Panthers, Blues, Caps show some life


Blackhawks forward Martin Lapointe blasted his teammates for their effort shortly before Christmas, a tirade that yielded a desultory 6-1 loss to the Nashville Predators. A few days later, GM Dale Tallon told Chicago writers that he was so disappointed by the team's play that he would entertain trade offers for essentially any player. More hot air to be sure.

The problem facing Tallon is that in luring free agents to the moribund franchise in the offseason, he had to overpay to get them on board. Now, in the new NHL, it's no longer an option simply to trade your mistakes to a team with lots of money. In most cases, a team willing to take on salary will want to dump some back.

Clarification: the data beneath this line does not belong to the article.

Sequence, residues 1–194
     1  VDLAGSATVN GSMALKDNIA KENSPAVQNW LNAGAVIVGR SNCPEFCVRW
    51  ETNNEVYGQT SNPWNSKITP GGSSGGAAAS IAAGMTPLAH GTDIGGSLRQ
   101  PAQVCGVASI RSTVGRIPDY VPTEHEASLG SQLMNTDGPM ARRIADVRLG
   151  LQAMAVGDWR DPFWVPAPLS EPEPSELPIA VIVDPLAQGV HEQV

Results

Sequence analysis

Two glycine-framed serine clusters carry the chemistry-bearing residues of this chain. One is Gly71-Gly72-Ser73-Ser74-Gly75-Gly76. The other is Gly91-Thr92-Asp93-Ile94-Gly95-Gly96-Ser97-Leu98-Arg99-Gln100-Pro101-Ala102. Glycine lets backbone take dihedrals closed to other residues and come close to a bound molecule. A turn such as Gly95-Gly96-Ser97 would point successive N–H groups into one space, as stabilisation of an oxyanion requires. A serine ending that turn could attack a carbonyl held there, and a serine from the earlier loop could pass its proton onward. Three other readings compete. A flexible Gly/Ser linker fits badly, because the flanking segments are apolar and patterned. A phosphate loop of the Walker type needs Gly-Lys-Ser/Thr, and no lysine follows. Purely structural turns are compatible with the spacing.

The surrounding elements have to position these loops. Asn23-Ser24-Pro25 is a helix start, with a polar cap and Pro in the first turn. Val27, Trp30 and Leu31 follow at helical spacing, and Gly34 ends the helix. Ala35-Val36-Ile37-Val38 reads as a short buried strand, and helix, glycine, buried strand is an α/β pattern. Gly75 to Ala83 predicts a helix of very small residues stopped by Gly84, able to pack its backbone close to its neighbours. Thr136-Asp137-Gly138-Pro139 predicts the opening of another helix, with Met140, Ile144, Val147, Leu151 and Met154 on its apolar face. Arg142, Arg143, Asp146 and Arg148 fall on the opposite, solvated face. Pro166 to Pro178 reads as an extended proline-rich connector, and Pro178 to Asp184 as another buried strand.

Who, for instance, is going to be interested in Nikolai Khabibulin, the NHL's highest paid netminder, when he carries an .879 save percentage and three more seasons of a $27 million deal? Or captain Adrian Aucoin, who signed a four-year, $16 million deal, but has been plagued by injury and has but one goal in 22 games?

No one. Go down the list. Matthew Barnaby. Curtis Brown. Lapointe. Three "character" forwards brought in to lead the Hawks to the playoffs, three who have combined for 13 goals and will be all but impossible to deal. Instead, most potential trading partners will be interested in young players such as Mark Bell, Pavel Vorobiev, Rene Bourque, Brent Seabrook or Duncan Keith, players Tallon will be loath to part with.